Date of Award

Fall 2013

Degree Type


Degree Name

Doctor of Philosophy (PhD)



First Advisor

Kristina Bross

Committee Chair

Kristina Bross

Committee Member 1

Christopher Lukasik

Committee Member 2

Derek Pacheco

Committee Member 3

Susan Curtis


Early New England women chose to pass down what they owned and valued: clothing, cupboards, pewter dishes, commonplace books, etc. But some women passed down something more: a written testament, which sought to shape public opinion in colonial New England. A "testament" usefully suggests a text that both serves as a witness to lived experience as well as the means by which the individual herself can frame the narrative for those who come after. This project aims to examine not only written records but also their audience: who were the heirs to these testaments and how were the records preserved through centuries of movement through archives? What happens when we look to unconventional genres for evidence of women's self-fashioning?

Through an examination of four testaments - the petition of Abigail Faulkner, a white woman in Salem, MA, convicted of witchcraft (1711); the execution narrative of Katherine Garret, a Pequot woman in Connecticut, executed for infanticide (1738); the will of Naomai Ommaush, a Wampanoag woman on Martha's Vineyard (1749); and the recorded testimony of Dinah Sisson, a free Black woman in Newport, RI (1794), I demonstrate how some 18th-century women seized certain genres in order to register their personal experience publicly. Each of these women insisted on access to this discourse during a moment when women's voices were subject to institutions that threatened to overwrite them.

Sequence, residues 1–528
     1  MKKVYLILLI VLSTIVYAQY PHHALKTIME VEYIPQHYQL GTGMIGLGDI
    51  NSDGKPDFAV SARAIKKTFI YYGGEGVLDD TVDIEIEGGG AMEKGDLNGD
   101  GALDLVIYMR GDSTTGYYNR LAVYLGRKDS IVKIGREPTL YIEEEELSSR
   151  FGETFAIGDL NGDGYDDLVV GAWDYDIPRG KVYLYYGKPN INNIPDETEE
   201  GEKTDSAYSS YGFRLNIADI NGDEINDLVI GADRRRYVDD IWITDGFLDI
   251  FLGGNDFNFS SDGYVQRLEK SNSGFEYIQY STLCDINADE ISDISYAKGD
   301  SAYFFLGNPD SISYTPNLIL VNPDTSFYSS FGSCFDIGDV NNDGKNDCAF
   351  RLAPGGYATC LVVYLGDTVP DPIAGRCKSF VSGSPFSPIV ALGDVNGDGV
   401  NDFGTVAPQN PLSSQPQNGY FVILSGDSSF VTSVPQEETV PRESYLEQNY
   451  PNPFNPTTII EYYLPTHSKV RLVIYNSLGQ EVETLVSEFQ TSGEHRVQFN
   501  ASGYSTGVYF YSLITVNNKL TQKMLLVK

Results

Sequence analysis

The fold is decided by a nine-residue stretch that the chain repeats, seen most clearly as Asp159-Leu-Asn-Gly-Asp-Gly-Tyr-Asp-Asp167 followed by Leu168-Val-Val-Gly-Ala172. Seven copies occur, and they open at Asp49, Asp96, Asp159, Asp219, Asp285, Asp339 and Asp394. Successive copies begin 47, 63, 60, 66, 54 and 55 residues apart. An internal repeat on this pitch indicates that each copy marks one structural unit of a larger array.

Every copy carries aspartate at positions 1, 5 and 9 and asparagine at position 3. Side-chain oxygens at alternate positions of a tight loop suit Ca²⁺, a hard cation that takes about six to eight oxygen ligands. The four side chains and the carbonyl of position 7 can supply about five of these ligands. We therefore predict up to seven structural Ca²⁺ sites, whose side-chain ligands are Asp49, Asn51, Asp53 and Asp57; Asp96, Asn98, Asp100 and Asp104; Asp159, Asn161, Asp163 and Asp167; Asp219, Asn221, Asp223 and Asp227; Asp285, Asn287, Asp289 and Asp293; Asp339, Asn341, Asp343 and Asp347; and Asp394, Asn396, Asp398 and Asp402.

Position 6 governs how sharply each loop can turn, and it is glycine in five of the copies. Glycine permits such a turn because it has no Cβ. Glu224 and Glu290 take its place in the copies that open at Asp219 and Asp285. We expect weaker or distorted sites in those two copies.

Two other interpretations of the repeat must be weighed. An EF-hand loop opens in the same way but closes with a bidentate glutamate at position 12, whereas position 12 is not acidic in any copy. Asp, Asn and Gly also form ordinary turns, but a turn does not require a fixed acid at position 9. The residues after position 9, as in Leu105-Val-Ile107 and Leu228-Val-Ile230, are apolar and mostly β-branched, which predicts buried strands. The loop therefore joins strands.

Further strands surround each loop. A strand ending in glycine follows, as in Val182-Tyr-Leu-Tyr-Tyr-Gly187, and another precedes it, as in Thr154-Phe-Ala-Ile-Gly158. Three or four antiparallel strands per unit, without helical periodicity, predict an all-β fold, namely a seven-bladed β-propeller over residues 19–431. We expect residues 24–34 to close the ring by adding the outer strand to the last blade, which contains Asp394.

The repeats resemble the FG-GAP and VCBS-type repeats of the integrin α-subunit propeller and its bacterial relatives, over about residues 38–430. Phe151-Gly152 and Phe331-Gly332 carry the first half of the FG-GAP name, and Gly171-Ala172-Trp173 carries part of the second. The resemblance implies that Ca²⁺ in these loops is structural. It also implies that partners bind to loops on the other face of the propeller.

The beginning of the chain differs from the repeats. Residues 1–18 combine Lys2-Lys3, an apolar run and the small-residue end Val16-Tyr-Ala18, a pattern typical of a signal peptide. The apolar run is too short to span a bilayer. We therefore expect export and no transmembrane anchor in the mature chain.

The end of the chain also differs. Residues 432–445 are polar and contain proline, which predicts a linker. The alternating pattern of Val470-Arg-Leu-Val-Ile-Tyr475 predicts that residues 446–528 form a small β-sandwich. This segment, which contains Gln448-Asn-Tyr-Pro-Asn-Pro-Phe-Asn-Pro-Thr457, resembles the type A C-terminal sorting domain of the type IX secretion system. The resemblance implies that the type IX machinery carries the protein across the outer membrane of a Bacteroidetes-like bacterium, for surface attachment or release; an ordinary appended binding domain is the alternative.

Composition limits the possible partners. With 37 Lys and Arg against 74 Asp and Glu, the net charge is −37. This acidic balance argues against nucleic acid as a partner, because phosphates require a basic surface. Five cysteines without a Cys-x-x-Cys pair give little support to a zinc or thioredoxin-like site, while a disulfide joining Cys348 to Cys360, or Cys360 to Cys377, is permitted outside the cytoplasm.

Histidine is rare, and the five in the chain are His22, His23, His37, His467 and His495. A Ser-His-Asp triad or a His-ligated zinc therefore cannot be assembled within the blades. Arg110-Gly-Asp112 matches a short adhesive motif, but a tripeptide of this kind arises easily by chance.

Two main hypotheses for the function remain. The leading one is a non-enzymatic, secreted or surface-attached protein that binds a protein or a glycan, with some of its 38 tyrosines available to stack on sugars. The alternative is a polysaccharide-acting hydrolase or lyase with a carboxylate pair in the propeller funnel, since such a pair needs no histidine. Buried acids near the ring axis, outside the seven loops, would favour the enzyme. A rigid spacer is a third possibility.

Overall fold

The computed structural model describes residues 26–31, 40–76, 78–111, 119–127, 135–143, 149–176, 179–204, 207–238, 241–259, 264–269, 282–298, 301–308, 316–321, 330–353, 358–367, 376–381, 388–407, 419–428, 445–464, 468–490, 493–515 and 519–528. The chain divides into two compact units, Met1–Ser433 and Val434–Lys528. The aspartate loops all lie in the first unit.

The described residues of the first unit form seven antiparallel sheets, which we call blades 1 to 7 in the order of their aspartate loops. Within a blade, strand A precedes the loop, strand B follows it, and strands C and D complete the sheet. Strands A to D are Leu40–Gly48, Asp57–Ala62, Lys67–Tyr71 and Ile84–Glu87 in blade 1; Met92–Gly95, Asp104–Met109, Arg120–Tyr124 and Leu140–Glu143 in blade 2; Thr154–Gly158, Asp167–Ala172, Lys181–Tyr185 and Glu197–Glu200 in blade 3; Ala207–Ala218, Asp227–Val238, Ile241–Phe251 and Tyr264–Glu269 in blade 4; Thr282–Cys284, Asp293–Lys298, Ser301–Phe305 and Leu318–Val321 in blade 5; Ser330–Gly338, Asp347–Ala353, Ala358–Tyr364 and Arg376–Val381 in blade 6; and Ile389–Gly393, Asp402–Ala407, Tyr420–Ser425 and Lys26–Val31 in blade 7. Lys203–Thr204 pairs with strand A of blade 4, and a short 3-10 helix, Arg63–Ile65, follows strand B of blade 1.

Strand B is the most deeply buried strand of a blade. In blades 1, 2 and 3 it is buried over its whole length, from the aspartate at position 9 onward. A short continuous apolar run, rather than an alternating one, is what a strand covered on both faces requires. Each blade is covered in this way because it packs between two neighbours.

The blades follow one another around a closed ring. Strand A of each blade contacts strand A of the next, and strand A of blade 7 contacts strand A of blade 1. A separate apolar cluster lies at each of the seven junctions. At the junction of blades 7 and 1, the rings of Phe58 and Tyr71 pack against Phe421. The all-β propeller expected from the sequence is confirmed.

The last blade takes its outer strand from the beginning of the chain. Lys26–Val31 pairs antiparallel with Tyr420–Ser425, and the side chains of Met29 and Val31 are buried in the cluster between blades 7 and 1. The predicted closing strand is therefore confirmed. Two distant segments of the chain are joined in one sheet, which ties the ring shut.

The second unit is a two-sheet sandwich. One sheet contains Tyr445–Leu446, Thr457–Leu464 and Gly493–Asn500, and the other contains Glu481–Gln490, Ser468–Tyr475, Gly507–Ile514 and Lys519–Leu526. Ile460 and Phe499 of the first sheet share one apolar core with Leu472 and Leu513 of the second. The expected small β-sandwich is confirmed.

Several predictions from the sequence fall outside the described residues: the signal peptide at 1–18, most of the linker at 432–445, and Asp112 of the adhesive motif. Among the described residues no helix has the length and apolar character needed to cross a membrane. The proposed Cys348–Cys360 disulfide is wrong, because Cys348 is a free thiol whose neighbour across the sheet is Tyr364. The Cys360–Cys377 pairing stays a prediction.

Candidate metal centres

Though scholars have already explored the notion of women as makers of public opinion in post-Revolutionary War and antebellum America, I hold that women during the colonial period sought participation in the same publics and counterpublics that would ultimately form "civil society." American women after 1790 were responsible for studying and then seizing the rights and obligations of citizenship, while colonial women, like those discussed in this chapter, engaged with public opinion on a local level, without nationalistic aims. Their interventions, recorded as written testaments and made public, allowed their message to be conveyed through generations.

In each chapter, I frame the central text as a testament, demonstrating how each woman attempted to shape public opinion to achieve her own particular end. Women's testaments, like other archival records, hold meaning in later periods and contexts--meanings that sometimes do not reflect the goals of their creators. Accordingly, I also explore the genealogy of each record and discuss how the record's meaning(s) has been shaped by the archives in which it has been placed. In each chapter, by positioning the record within a series of other records, I offer an alternative reading of the record that runs counter to its generic conventions.